So you wanna be a VJ (Video Jockey)February 3, 2009
A VJ is a performance artist who creates moving visual art (often video) on large displays or screens, often at events such as concerts, nightclubs and music festivals, and usually in conjunction with other performance art. This results in a live, multimedia performance that can include music, actors or dancers as well as live and pre-recorded video.
VJs have become an essential part of the clubbing experience. They provide the projected visuals within the club environment that accompany the DJ, mixing and scratching video in a similar way to how DJs cut up records. Almost all major clubs now have someone on hand to provide visuals to go with the music.
If you fancy becoming a VJ, you probably already have a love of technology and a passion for all things visual. Successful VJs need to be technicians and artists rolled into one. Beyond that there are no hard and fast rules.
Many VJs don’t even use the term VJ, preferring to describe themselves as visual mix artists, audiovisualisers, pixel jockeys, visual performers, visual jockeys, pro DJs, video jammers or even viewsicians. This might be because they don’t want to be confused with ‘video jockeys’ – TV presenters that link videos on music channels.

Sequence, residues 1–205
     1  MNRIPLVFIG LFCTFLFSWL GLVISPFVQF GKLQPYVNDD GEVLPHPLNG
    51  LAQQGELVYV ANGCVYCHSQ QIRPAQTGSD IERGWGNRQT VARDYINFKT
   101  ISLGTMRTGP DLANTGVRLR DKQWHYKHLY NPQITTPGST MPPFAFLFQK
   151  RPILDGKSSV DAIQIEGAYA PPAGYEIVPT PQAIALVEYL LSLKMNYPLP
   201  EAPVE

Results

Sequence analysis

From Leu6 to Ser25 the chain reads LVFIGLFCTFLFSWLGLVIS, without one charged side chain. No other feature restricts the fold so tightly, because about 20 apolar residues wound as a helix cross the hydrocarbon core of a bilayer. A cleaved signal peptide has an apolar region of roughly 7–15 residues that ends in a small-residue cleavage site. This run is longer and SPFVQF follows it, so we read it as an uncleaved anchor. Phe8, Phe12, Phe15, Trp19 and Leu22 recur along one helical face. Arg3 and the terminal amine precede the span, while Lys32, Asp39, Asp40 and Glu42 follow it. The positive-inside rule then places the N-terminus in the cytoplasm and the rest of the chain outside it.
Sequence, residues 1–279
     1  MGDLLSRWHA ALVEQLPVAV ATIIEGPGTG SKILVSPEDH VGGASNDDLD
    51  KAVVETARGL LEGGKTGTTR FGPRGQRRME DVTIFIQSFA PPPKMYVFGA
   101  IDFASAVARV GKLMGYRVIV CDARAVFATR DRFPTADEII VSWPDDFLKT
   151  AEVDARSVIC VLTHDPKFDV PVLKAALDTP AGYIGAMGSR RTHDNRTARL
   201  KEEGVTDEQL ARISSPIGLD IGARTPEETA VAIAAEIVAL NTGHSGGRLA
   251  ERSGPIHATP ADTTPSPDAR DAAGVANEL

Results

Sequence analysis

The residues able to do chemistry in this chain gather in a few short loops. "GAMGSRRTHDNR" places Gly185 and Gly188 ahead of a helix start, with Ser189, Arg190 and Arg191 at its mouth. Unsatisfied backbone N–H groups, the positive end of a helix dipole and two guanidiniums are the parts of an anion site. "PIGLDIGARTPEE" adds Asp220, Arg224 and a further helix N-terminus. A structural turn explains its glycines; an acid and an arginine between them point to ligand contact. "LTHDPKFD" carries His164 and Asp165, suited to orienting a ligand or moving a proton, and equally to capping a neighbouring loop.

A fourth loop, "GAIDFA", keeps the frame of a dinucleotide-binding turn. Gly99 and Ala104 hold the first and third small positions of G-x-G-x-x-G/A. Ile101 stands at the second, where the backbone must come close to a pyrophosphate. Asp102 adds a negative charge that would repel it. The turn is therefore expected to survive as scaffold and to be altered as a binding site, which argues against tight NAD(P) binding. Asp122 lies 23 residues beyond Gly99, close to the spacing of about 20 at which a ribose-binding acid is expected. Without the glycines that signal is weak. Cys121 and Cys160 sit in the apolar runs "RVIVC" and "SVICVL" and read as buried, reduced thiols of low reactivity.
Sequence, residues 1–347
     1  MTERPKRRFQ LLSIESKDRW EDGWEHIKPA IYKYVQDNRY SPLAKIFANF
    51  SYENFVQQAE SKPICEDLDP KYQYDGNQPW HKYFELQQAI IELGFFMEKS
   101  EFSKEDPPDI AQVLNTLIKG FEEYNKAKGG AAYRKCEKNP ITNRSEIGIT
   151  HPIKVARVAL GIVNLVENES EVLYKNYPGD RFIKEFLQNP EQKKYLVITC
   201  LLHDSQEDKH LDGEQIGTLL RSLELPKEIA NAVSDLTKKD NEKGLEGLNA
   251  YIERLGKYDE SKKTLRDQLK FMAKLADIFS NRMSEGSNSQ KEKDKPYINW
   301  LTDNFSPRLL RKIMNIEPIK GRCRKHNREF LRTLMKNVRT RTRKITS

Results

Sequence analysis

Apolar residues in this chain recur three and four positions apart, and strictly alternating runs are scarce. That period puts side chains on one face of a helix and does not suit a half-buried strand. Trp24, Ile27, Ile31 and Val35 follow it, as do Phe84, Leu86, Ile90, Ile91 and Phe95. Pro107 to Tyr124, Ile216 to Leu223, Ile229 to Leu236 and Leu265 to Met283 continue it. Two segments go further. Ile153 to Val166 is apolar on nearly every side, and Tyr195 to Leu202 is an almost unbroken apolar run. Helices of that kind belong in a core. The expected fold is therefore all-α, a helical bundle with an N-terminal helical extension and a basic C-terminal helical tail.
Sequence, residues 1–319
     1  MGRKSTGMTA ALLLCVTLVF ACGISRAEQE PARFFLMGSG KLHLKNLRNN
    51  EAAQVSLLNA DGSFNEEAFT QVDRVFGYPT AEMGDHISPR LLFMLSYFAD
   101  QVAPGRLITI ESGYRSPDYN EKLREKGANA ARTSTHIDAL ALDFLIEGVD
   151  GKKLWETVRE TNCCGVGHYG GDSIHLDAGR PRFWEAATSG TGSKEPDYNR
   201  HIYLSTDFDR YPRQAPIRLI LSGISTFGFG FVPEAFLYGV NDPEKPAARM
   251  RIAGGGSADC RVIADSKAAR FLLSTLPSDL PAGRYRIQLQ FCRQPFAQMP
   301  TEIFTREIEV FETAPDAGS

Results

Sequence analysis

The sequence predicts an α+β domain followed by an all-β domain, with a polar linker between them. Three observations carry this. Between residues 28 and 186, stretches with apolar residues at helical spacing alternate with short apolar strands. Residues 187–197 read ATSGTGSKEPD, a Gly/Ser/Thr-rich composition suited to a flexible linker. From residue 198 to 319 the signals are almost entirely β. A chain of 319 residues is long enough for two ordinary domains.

VJs usually see themselves and what they do as highly individual. Just like musicians, they don’t want to be categorised and bundled together as all the same.
“VJing is the next step in music and media-related art. It teaches you to cut and manipulate images, similar to techniques used in film-making. And you get to perform without having to be behind the decks yourself.” Jamie Corteen, VJ 2BitTV
What VJs do
There are two stages to VJing. One is preparation – collecting and shooting video clips, and editing and treating them so that you have a library of amazing images to play with. The second stage is doing it live – putting your visuals together in a spontaneous live set and playing them out at gigs.
The basic kit you’ll need for this is:
* A video camera to record images for your set
* A PC or laptop to edit images and play them out in the club (a laptop is more convenient but if you’ve only got a PC you can make it transportable!)
* Software for editing and treating your images
* Software to allow you to play out your images interactively
* A projector to show it all happening on a screen or wall in the venue
For more on those take a look at our guides on VJing: Hardware and Software